With a title that could have come straight off a vintage prog-rock album and an expensive-looking CG intro that sees us zipping through the universe and down a space-elevator, everything about Dark Side of Dimensions seems to be screaming added-value scale, with a budget to match. Celebrating 20 years of the Yu-Gi-Oh franchise, the movie sees us picking up things six months after the end of the series’ original manga run (from 1996 to 2004). Touting an original story, the movie sees Kaiba Corp up to their usual tricks investigating the pieces of the Millennium Puzzle, until one of their excavations is interrupted by a shadowy figure, laying the groundwork for a new, mysterious antagonist...
All our favourite characters are back - all a little older (but probably not any wiser), and as soon as these lovable dorks start spouting lines about polishing duel disks and getting their decks out, you know nothing’s really changed from your classic Yu-Gi-Oh of old. Except perhaps Yugi’s gal pal Tea that is who, in the intervening years, seems to have been ‘fleshed-out’ a little... and, no, we don’t mean in terms of character development. Tea aside though, the characters are much as you remember them - from the ludicrous haircuts to the classic English dub actors reprising their roles (right down to Bakura’s dodgy British accent). Even Joey’s weird chin - which spawned an entire meme - gets a moment in the spotlight.
Like most guys my age - raised on a diet of Pokemon, Digimon and Cardcaptors on CITV - it wasn’t long before I fell for the Yu-Gi-Oh bug too; shelling out what little pocket money I had on precious booster packs to add to my collection of cards. Having enjoyed Manga Entertainment's earlier releases of the classic TV series on DVD, I was intrigued by what a movie-sized slab of Yu-Gi-Oh - clocking in at two hours - would entail. Previous cinematic outings for the franchise had been arguably forgettable, although that didn’t stop the 2004 Yu-Gi-Oh Movie becoming the third most successful anime release ever at the US box office behind only the first two Pokemon movies - a distinction it retains to this day.
In a visual sense, at least, this is probably the best the franchise has ever looked. The line-art is clean and crisp, while the duels are beefed up with CG to ensure sufficiently fluid action. What’s most striking about the film’s visual treatment though is the colour scheme, which retains every bit of the bold, brash primary tones of the classic TV series. While there’s a certain charm to this, it also feels like it weirdly dates the movie’s aesthetic - like some bizarre throwback to the days of peak-DigiPaint.
While the battles are certainly impressive visually, watching increasingly large CG monsters batter seven bells out of each other with beam spam while the duelists shout corny put-down lines starts to wear thin after a while. As the battles drag on, you start to feel like you’re no longer actually watching a film - rather, it’s like you’re sat staring over a mate’s shoulder as he plays a video game. You’re at a level of remove from the intricacies of the action, and they - inevitably - are having a lot more fun than you are.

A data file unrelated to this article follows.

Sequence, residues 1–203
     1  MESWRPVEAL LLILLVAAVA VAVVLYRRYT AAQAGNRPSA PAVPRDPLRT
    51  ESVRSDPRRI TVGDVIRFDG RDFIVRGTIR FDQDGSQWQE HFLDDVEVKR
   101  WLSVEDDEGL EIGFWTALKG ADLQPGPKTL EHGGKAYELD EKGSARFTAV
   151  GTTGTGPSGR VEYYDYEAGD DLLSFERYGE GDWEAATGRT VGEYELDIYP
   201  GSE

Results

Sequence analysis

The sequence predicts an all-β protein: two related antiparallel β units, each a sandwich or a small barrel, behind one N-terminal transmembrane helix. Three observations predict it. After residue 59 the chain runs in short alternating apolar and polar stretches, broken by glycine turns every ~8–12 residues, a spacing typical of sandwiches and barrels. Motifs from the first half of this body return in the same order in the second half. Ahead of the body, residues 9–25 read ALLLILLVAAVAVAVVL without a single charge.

It’s here too that the film suffers in its excessive reliance on verbose, jargon-filled dialogue - sometimes, even with the English dub switched on, it’s like you’re listening to a foreign language. Of course, the TV series did this too - but there at least it was tempered by the fact it came at you in bite-sized, twenty minute, segments. But with Dark Side of Dimensions you’re given the full-throttle, undiluted Yu-Gi-Oh treatment - two solid hours of duelling-themed dialogue. The overly wordy treatment kills any scope for a leaner, more cinematically daring approach to the story, and the end result is something that unfortunately feels far more like a (very) extended TV episode or - perhaps more accurately - a kind of greatest hits package. The visuals might be on-point, but any kind of soul is distinctly lacking.
In recent years, successes like One Piece: Strong World and the Blue Exorcist film have shown that shonen movies can be great standalone cinematic experiences in their own right when given a decent script and the right directorial treatment, but sadly Dark Side of Dimensions isn't one of them. For fans that still feel the ‘heart of the cards’ beating strongly inside them, there’s plenty to enjoy here - but for anyone else intrigued by the continuing juggernaut that is Yu-Gi-Oh, it’s best to start with the TV series itself.